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Updated: Mar 15

What is Bilirubin?

Bilirubin is a yellow pigment produced during the body’s breakdown of red blood cells. Under normal circumstances, the liver processes bilirubin, excreting it in bile, which is subsequently expelled from the body in the feces. However, in certain circumstances, bilirubin may appear in urine.

How can levels be affected?

High levels of bilirubin in urine during physical activity can be the result of various factors:

  1. Exercise-induced haemolysis: During intense or prolonged exercise, particularly endurance sports or high-impact activities, red blood cells can break down at an abnormally increased rate. The physical stress (repeated muscular contractions, shocks or vibrations to the body, equipment unsuitable for physical activity, running on hard ground, etc...) exerted on the body during exercise can induce this phenomenon known as "exercise-induced haemolysis". When red blood cells break down, they release bilirubin into the blood, which is then excreted in urine.

  2. Physical impact and muscle contractions: Sports activities involving repetitive or sudden movements can also contribute to haemolysis. Also, muscle breakdown can release myoglobin (a protein present in muscle tissue) into the bloodstream, allowing bilirubin to be produced as it breaks down. The release of bilirubin into the blood, and consequently into the urine, will be elevated.

  3. Extreme temperatures: When you are exposed to excessive heat, your body may experience additional stress, which can increase the breakdown of red blood cells (haemolysis). Increased haemolysis can lead to an increased release of bilirubin into the blood, resulting in higher levels of bilirubin in the urine. Very cold temperatures can also affect these levels, particularly when vasoconstriction (narrowing of the blood vessels) occurs in certain parts of the body to increase blood pressure and reduce body heat loss.

  4. Dehydration: Insufficient hydration during exercise can concentrate urine and increase bilirubin levels. Dehydration can increase the risk of haemolysis.

  5. Use of medicines: Certain medications, such as non-steroidal anti-inflammatory drugs (NSAIDs), can increase the risk of haemolysis and elevated bilirubin levels in the urine when taken before or during exercise.


Careful monitoring of urinary bilirubin levels is essential, particularly during and after exercise. In general, maintaining adequate hydration, adjusting the intensity of exercise and limiting prolonged exposure to extreme heat or cold can help prevent elevated levels of urinary bilirubin during sporting activity.

How can I maintain an optimal rate?

To help maintain optimal levels of bilirubin in your urine, you can consider the following strategies:

  • Stay well hydrated: Make sure you stay well hydrated before, during and after training.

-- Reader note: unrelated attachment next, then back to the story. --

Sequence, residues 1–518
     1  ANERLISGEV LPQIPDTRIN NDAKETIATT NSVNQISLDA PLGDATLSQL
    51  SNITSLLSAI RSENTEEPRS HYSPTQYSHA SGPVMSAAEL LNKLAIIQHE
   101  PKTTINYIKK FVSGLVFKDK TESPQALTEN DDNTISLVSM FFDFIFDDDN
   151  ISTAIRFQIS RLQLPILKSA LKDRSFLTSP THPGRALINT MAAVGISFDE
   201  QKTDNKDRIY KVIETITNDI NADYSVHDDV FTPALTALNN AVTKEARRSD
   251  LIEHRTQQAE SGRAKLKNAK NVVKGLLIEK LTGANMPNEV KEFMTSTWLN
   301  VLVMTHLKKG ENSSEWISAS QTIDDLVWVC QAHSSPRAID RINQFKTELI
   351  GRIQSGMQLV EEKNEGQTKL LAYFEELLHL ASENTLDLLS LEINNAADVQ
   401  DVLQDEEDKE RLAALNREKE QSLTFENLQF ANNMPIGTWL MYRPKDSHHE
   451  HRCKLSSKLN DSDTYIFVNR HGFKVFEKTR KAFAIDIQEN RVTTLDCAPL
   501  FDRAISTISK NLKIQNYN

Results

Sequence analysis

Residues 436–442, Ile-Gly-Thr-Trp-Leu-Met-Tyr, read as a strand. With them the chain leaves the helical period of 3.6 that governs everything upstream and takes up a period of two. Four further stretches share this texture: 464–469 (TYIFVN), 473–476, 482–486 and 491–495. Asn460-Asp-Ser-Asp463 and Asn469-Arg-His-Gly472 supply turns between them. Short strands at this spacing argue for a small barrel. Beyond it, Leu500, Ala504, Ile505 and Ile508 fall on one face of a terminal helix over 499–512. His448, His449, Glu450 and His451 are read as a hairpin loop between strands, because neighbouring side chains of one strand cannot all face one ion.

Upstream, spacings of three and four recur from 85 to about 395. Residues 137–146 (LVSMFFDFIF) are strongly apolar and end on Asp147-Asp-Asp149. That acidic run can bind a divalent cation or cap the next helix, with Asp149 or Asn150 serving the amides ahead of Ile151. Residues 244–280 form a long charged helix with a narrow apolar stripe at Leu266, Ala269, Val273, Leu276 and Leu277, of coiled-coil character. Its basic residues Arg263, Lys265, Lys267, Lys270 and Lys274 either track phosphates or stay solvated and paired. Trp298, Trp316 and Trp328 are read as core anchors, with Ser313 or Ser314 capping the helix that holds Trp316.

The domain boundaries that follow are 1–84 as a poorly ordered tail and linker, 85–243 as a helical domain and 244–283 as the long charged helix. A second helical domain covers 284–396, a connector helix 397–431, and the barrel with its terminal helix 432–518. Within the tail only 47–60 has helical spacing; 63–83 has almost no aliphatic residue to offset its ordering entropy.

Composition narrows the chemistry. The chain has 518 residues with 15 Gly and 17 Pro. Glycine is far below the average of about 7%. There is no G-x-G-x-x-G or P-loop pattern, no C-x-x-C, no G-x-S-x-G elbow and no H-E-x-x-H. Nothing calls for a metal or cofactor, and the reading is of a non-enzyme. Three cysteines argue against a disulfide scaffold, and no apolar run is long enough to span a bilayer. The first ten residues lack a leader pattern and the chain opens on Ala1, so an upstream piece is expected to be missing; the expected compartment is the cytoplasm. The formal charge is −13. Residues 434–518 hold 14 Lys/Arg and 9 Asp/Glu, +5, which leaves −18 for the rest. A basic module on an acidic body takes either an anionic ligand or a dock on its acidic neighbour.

• Proper warm-up and cool-down: Performing a proper warm-up before training to prepare your body for physical activity helps reduce muscle breakdown. After training, allow yourself enough time to recover, which can help reduce stress on the body and maintain optimal levels of urinary bilirubin.

  • Progressive training: Adopt a progressive approach to your training program to allow your body to adapt gradually to physical activity, in terms of intensity, duration and frequency of training sessions, as well as training conditions (cold or intense heat).

  • Avoid extreme environmental conditions: Be mindful when exercising in extreme temperatures, as exposure to extreme heat or cold, when coupled with dehydration, can increase the risk of haemolysis. Stay hydrated and take breaks if necessary to avoid overheating or overexerting your body.

  • Use of suitable equipment: Use suitable equipment for your sport or activity that reduces the impact, shock or vibration on the body, thus avoiding premature damage to red blood cells.

  • Balanced diet: A balanced diet rich in antioxidants, fibre, vitamins and essential minerals can help to prevent elevated bilirubin levels in the body. The following foods can be incorporated:

Green leaf vegetables




- Spinach

- Kale

- Rocket

- Beet leaves

- Mustard greens

- Turnip greens

- Collard greens

- ...

- Oranges

- Mandarins

- Grapefruit

- Lemons

- Limes

- ...

- Strawberries

- Blueberries

- Raspberries

- Blackberries

- Goji berries

- Acai berries

- ...

- Walnuts

- Almonds

- Cashew nuts

- Hazelnuts

- Chia seeds

- Linseed

- Sunflower seeds

- Pumpkin seeds

- ...

  • Be mindful when using medicines: Use medications responsibly and as directed by your healthcare provider. Avoid unnecessary use of non-steroidal anti-inflammatory drugs (NSAIDs) and aspirin, as they can potentially contribute to haemolysis.

After intense physical activity, it is normal to find bilirubin levels in the body, mainly due to muscle breakdown and haemolysis during exercise. Combining several of the above techniques will enable you to reduce these levels in the days that follow and help with physical preparation and recovery.

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